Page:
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Therapeutic expression

Studies show that alternative healing methods combining a focus on the mind, body and spirit can have a positive effect on both cancer patients and those in recovery. Some examples include acupuncture and laughter therapy, as well as creative endeavors such as art, dance and music therapy.

National Cancer Survivors Day may have taken place on June 3, but for those who have fought cancer, every day is truly special. Staying healthy is always the goal, and alternative therapies are just one way to lift your mood and help you come to terms with the various emotions that may be a result of living with cancer.

Proven benefits

Though research is in the early stages, the American Cancer Society reports that clinicians have documented significant benefits found in art, music and dance therapy, also known as “creative-arts intervention.”

In one art therapy trial, 40 caregivers reported reduced stress, lowered anxiety and increased positive emotions in loved ones who were fighting cancer. Another study in Connecticut found that dance and movement enhanced the quality of life for women recovering from breast cancer. As for music therapy, not only can it reduce pain and relieve chemotherapy-induced nausea and vomiting, but the American Heart Association found it can lower a patient’s heart rate, blood pressure and breathing rate.

Currently, there are no known side effects associated with these therapies. The potential for improvement in mood, movement and quality of life is promising, so why not learn more and consider giving creative-arts intervention a try?

Note: These therapies should not replace your current cancer treatments. Always consult your doctor before exploring a therapy that may add stress to your body, such as dance therapy.

Art therapy

To participate in art therapy, all you need to do is create or view art, and share your observations with another. You can work with an art therapist one-on-one, or join others in an art class. When making art, you can reveal your feelings creatively in painting, drawing, sculpture or another art form. If you would prefer to observe art, the discussions with your therapist or friends and family can help you express your feelings and reactions.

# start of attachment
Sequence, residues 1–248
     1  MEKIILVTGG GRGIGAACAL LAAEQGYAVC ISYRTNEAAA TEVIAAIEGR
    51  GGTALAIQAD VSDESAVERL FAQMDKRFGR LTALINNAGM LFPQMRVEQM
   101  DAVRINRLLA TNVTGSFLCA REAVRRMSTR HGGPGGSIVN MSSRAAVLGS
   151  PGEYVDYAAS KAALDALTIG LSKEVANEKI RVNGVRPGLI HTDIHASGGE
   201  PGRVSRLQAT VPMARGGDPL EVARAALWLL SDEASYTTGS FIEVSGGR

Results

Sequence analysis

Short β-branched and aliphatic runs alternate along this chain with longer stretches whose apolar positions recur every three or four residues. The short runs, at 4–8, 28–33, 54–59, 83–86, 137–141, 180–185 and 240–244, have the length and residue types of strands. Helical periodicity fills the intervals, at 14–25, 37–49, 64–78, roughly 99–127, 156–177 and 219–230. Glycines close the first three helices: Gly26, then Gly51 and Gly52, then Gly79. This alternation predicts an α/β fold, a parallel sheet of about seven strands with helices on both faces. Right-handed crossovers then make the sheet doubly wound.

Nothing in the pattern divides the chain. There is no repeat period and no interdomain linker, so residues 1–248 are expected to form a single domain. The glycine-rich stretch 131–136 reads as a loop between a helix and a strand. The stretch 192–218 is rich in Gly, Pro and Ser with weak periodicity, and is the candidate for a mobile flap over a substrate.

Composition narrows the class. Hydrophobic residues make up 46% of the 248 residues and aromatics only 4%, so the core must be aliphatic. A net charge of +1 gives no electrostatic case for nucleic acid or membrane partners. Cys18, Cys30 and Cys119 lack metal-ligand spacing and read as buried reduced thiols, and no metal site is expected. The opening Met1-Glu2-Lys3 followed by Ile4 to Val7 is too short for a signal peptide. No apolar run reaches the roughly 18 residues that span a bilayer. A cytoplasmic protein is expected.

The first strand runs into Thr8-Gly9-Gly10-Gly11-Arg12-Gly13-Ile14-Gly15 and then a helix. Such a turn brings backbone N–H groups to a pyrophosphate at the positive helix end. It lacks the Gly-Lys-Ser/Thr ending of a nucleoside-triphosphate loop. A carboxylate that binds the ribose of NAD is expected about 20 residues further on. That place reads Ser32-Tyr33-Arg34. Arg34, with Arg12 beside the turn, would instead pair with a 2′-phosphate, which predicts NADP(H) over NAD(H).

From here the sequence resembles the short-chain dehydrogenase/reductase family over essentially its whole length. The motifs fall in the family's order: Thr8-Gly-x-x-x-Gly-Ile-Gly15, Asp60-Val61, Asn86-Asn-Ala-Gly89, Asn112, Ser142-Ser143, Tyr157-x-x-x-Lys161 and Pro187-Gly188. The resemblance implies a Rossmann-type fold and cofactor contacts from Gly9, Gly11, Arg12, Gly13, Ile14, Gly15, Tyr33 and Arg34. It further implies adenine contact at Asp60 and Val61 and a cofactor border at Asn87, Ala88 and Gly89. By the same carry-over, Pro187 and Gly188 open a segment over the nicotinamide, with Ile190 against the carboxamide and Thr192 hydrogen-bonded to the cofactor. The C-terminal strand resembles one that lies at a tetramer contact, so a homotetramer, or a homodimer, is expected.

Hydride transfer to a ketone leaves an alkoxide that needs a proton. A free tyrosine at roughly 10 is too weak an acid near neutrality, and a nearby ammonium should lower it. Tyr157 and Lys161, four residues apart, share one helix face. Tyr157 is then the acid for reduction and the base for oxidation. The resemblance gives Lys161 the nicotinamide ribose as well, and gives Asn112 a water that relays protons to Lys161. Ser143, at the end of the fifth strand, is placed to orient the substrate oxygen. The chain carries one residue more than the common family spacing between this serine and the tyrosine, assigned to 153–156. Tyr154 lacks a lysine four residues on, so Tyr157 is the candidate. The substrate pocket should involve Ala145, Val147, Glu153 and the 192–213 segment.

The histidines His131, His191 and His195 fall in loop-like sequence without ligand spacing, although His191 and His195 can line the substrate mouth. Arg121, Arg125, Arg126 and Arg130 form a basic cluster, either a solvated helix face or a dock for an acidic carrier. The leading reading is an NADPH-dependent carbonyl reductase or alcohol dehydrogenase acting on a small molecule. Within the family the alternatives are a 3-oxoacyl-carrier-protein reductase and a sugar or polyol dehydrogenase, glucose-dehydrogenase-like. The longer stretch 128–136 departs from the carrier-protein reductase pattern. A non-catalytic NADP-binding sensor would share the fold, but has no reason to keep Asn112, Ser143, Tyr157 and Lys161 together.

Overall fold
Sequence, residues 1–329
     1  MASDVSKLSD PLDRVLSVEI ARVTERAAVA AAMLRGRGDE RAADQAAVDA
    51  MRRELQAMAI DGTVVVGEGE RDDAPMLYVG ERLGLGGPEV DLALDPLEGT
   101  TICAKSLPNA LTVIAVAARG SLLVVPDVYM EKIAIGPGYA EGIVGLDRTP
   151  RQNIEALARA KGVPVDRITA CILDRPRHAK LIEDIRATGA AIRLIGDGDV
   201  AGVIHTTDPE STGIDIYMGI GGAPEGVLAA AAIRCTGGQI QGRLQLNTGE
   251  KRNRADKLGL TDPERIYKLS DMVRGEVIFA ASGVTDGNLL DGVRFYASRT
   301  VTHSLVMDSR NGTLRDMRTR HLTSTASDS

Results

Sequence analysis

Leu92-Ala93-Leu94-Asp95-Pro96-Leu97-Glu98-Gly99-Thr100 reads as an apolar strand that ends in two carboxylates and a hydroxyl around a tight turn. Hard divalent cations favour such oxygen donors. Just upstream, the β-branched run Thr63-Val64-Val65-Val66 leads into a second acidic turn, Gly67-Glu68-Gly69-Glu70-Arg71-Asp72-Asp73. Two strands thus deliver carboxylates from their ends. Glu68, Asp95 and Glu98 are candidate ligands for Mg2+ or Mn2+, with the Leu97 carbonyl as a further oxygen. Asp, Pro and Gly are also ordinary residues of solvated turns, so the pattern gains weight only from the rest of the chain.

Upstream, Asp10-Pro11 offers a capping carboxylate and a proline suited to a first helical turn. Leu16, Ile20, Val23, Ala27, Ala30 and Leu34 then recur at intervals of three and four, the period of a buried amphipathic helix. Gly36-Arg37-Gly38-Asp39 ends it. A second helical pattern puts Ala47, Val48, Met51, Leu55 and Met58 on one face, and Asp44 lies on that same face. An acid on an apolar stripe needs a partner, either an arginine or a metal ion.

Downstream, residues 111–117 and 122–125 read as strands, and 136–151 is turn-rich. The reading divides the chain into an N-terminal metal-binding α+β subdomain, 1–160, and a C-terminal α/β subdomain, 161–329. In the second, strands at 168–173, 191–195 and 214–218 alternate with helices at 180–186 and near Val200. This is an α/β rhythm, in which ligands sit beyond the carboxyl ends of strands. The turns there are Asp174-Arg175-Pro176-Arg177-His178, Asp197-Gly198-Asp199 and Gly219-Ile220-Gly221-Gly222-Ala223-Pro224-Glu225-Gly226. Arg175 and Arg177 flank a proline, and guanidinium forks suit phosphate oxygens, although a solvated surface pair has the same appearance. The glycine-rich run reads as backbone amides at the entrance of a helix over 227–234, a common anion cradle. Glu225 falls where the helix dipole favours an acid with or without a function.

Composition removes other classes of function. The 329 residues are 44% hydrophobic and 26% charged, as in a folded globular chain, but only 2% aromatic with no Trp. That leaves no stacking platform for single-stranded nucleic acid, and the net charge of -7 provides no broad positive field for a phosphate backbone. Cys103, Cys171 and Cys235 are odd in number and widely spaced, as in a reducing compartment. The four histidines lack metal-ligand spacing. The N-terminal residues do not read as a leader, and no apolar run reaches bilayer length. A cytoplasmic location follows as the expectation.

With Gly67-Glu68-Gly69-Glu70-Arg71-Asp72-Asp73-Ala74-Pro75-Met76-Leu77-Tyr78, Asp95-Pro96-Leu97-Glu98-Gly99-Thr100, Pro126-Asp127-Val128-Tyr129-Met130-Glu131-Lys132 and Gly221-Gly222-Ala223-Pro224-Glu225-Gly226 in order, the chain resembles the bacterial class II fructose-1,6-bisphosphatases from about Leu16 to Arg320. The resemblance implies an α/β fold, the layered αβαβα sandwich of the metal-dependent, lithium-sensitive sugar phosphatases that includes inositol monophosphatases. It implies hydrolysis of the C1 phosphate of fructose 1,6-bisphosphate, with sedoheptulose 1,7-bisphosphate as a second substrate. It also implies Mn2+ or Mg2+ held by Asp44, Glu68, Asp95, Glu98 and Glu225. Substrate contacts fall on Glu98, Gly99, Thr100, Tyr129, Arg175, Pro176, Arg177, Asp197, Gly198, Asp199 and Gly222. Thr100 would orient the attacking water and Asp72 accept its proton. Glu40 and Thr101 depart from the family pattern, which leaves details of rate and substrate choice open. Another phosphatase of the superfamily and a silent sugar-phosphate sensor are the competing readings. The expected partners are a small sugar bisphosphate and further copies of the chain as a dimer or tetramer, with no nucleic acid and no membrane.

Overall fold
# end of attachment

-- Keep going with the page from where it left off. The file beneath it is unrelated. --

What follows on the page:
Music therapy

During music therapy, you might listen to music, create music, write songs or sing. Music therapists believe that self-expression through music can help you work through underlying feelings and emotions, which can be therapeutic.

You might work with a music therapist alone, or participate in group activities, such as singing at church or joining a music class. Some music therapists recommend listening to a CD during cancer treatment, which can help you relax and reduce side effects, like nausea and vomiting.

Dance therapy

Dance therapy uses movement and dance to help participants improve self-esteem and body image, as well as develop effective communication skills. It also presents an active way of coping with problems and releasing stress. Since dance therapy is a form of exercise, speak with your doctor first to make sure you are healthy enough to participate.

If you are looking for a way to increase mobility and movement during/after treatment, dance therapy could be a good fit. Research has shown that physical activity triggers the release of endorphins that boost your mood. Dance involves total body movement, which can also stimulate other body functions, such as breathing, circulation and muscle development.

What art, dance and music therapies can do for you:

  • Reduce stress, fear and anxiety
  • Help you cope with pain, symptoms or treatment side effects
  • Enhance your cognitive abilities
  • Provide a creative outlet for expression
  • Trigger endorphins that improve your mood
  • Distract from treatments
  • Provide physical activity and improve range of motion
  • Allow you to communicate difficult emotions and feelings
  • Enhance body image and self-esteem
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